Back in the day when I was in elementary school, scouting was the road most traveled by children wanting to explore the great outdoors. These days, scouting is still around, but it’s hardly the draw it was in past decades. Instead, we rely on costly summer camps to help wean children off the Wii controls and laptops and get them into the woods, challenging their bodies and imaginations.
But if you’re like me, you don’t want camp staffers to have all of the fun teaching your kids about their natural world. We need to put on our own counselor caps and lead the way to the redwoods, caverns and caves. We should be the ones pointing out the planets and stars in the night time sky. Our family trips to Yosemite (below) without the intrusion of toys and TV have afforded us precious quality time we will always treasure.
Mapping out these adventures is now much easier, thanks to a new family outdoor campaign called Nature Rocks.
The four founders – all experts in recreation and conservation – designed a website that guides parents on where to go and what to do, from camping at national parks to pitching tents in your own backyards. Many include the “F” word. Don’t be silly, of course I mean free.
When given the choice, these fresh air proponents want you to choose outdoor recreation over indoor hibernation because air and wind and surf and mountains make humans feel more alive.
You don’t have to be John Muir to make these choices.
Whether flying kites on the beach instead of flying on planes…
paddling your kids down the river instead of dropping them off at the mall…
or looking at life forms rather than looking up images via Google…
the experience of family bonding amid the beauty and mysteries of nature has tremendous rewards, including the kind of toasty, S’Mores round-the campfire memories that last a lifetime. Scout’s honor!
“The benefit of nature for children are fundamental,” says Richard Louv, co-founder of The Children & Nature Network, one of the four sponsors of the Nature Rocks campaign. “As families look for lower cost vacation options, we hope they will discover that nature offers families a personal stimulus package, letting them save money while improving the physical and emotional well being of their children.”
Louv’s organization is fostering an international movement to connect children with nature. An author who has written for the New York Times, his most recent book, Last Child in the Woods: Saving Our Children from Nature-Deficit Disorder, sees the urgency in nurturing a future relationship between children and nature.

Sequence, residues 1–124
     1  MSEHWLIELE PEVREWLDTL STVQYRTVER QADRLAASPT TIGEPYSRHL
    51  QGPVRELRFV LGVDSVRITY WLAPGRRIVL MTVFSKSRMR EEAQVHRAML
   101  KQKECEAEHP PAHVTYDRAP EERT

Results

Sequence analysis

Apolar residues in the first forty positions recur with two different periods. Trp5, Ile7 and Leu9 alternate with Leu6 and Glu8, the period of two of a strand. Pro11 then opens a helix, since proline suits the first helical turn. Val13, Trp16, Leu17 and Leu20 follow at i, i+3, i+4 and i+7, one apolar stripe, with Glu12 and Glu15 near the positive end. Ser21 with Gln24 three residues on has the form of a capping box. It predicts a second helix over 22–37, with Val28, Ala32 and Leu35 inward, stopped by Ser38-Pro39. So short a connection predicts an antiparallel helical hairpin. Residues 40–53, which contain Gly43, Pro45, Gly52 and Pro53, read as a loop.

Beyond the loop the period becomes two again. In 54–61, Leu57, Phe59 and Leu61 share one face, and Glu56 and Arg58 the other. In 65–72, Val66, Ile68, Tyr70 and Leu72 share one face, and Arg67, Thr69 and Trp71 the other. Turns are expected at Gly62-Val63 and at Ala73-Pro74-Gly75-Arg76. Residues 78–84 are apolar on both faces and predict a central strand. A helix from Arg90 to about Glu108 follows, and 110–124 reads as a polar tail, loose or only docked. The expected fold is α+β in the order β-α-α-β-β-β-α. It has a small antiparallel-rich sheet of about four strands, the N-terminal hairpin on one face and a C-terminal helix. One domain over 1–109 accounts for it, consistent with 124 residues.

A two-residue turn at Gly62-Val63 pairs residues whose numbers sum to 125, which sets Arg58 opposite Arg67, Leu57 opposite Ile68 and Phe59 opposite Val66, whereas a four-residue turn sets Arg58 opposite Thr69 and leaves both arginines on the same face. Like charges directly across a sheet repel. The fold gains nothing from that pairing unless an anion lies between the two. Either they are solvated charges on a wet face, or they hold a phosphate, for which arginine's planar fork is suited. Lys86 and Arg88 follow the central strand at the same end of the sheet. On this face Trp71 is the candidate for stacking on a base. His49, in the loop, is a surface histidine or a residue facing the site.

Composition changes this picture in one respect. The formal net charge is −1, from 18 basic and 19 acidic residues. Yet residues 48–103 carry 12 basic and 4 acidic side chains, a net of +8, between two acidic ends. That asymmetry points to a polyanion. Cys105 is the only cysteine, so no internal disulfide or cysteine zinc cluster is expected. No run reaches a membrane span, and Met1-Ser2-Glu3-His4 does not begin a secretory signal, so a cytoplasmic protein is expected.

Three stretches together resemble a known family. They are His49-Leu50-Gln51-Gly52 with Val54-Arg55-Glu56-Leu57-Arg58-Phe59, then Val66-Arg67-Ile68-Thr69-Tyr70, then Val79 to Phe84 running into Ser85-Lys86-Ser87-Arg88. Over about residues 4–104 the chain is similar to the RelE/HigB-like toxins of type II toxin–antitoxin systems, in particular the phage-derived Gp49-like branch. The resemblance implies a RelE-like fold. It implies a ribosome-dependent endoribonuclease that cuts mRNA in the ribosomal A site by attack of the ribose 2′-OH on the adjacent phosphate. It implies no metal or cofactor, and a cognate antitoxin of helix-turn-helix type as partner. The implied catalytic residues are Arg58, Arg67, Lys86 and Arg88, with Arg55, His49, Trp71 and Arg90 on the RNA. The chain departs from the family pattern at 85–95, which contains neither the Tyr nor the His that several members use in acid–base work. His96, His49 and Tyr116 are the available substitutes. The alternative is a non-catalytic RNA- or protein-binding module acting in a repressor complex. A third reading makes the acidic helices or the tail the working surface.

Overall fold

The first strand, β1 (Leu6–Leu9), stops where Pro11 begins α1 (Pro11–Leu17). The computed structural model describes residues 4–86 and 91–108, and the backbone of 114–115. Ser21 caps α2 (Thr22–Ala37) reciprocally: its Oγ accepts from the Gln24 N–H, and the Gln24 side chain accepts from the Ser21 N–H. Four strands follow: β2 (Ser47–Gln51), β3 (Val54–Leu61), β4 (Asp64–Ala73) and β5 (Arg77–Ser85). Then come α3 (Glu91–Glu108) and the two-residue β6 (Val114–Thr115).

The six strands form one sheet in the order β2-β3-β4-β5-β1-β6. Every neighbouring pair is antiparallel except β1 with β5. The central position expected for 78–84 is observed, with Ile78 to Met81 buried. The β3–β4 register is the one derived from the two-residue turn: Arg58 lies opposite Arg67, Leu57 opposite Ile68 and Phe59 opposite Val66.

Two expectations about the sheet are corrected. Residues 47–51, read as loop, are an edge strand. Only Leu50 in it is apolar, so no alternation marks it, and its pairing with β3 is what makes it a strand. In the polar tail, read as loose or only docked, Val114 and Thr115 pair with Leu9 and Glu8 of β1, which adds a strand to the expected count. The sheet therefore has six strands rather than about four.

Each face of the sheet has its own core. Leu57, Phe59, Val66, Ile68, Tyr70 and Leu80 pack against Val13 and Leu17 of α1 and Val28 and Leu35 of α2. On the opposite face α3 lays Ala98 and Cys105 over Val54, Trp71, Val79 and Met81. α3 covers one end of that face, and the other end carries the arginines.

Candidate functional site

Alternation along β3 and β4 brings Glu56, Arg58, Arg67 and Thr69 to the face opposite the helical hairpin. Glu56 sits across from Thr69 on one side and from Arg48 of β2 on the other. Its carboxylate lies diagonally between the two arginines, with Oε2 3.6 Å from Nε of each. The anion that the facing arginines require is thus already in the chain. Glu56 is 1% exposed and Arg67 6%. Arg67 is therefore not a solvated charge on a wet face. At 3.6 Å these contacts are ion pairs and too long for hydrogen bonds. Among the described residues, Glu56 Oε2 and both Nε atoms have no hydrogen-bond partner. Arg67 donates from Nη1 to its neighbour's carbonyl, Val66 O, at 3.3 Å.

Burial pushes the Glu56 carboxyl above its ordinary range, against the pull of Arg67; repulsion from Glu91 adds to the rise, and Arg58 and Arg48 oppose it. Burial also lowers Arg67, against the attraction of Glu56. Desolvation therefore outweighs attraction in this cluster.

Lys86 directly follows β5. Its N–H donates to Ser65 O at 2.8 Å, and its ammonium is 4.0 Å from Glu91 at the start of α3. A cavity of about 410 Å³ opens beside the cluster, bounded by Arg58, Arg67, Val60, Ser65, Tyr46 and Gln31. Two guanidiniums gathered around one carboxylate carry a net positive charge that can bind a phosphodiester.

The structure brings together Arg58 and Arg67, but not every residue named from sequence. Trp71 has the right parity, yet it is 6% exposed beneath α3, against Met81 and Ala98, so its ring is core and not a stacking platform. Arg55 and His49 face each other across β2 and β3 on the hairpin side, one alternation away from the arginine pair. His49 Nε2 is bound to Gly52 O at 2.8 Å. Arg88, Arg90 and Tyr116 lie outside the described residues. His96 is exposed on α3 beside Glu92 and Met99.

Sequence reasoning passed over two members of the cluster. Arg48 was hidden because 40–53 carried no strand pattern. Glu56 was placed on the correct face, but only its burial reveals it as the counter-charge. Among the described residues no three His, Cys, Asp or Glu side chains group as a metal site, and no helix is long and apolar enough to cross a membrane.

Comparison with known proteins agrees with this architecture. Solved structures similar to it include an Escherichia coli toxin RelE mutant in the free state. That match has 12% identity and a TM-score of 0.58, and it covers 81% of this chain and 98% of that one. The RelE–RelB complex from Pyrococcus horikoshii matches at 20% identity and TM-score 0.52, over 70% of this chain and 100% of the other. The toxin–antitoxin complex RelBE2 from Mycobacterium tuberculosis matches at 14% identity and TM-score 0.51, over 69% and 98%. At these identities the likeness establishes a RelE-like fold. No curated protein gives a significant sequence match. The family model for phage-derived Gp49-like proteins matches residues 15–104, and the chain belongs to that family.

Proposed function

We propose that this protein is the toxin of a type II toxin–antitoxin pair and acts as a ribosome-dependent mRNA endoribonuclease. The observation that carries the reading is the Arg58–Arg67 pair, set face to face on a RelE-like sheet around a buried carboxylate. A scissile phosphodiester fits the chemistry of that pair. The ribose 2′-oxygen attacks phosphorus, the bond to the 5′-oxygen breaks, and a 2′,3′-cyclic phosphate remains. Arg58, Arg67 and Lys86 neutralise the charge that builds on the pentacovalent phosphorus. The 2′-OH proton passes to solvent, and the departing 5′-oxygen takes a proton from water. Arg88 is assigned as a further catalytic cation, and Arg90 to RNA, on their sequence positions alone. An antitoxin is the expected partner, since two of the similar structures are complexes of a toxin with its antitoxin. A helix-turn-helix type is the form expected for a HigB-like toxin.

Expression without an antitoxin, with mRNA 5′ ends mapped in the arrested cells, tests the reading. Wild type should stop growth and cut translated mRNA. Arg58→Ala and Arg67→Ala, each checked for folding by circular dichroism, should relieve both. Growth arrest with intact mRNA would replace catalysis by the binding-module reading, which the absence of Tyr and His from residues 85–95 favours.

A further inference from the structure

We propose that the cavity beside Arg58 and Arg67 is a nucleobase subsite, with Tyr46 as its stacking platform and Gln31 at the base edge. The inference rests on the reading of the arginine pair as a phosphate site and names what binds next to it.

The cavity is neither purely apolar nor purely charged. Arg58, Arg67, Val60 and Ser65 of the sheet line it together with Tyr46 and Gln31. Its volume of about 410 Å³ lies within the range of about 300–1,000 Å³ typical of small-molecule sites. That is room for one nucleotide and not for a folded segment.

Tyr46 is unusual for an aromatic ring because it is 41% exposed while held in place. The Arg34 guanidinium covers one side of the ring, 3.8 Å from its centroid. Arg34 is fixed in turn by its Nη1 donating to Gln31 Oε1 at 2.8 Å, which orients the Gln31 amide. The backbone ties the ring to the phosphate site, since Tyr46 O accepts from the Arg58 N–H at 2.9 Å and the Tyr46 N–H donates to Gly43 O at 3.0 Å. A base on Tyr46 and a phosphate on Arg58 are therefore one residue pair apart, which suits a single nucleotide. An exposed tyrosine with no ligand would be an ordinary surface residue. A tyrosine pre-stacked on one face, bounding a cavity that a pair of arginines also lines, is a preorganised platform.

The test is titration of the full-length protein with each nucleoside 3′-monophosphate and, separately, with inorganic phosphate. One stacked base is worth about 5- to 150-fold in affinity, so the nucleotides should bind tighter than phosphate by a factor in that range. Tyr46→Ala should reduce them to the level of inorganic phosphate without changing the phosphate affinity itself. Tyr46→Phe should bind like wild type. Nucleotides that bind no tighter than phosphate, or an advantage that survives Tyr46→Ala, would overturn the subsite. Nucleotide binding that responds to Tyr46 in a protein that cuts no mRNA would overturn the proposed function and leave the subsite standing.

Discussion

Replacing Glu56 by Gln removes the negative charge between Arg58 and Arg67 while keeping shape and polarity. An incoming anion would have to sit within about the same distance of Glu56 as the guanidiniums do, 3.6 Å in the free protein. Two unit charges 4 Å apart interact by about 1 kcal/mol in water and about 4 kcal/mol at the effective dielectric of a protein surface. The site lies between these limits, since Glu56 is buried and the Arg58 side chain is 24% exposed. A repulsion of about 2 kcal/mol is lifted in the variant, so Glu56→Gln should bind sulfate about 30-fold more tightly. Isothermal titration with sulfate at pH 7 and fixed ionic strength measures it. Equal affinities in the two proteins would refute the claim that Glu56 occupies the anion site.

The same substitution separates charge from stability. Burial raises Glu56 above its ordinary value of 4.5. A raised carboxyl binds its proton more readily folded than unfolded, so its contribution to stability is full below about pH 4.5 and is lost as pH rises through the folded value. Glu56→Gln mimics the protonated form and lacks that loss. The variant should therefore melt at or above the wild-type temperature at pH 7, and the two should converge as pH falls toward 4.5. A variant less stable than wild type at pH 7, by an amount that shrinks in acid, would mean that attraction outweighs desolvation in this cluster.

After all, the next generation will inherit a planet rife with pollution, water and energy shortages, and a loss of habitat and wildlife – the plagues of modern civilization.
Just as committed are the other three leaders in the campaign: The Nature Conservancy, REI, and ecoAmerica. Their Nature Rocks launch was timed to coincide with the beginning of summer when parents are searching for activities that will keep children busy – but not so busy that they miss the joys of the season.
“As a working mom with two young children, I appreciate the useful ideas that improve my and my family’s lives,” says Meighen Speiser, VP of Marketing for ecoAmerica. “The Nature Rocks website offers loads of easy-to-use tools, tips and over 100 fun activities like nature art, weekend camping, hiking at a nearby park or an impromptu neighborhood nature scavenger hunt. The added bonus is that these activities are either inexpensive or free.”
The tips are available on the 2009 Summer Nature Staycation Planning Guide, which is chalk-full of fun suggestions for planning family recreation close to home. The site is very user-friendly. Just input your zip code and designate what you’re looking for. The Nature Finder map points you in the direction of nearby activities, such as horseback riding, swimming and snorkeling, camping and skiing. There are hundreds of activities to choose from.
The Nature Conservancy – which works to protect ecologically important lands and waters – says its goal is for a people to feel they are a part of all living things. “Now, working on the Nature Rocks initiative, we’re able to help the next generation better their health and reconnect with nature,” says M. Sanjayan, Lead Scientist, who adds that the Conservancy is dedicated to supporting conservation work that will not only enrich the natural world but also better our health and our lives.
So dust off those sleeping rolls and rinse out the sticky cooler. To quote Joni Mitchell, who wrote Woodstock about her generation’s desire to end war and take stock in nature, “It’s time to get ourselves back to the garden.”
Image: Fabian Bromann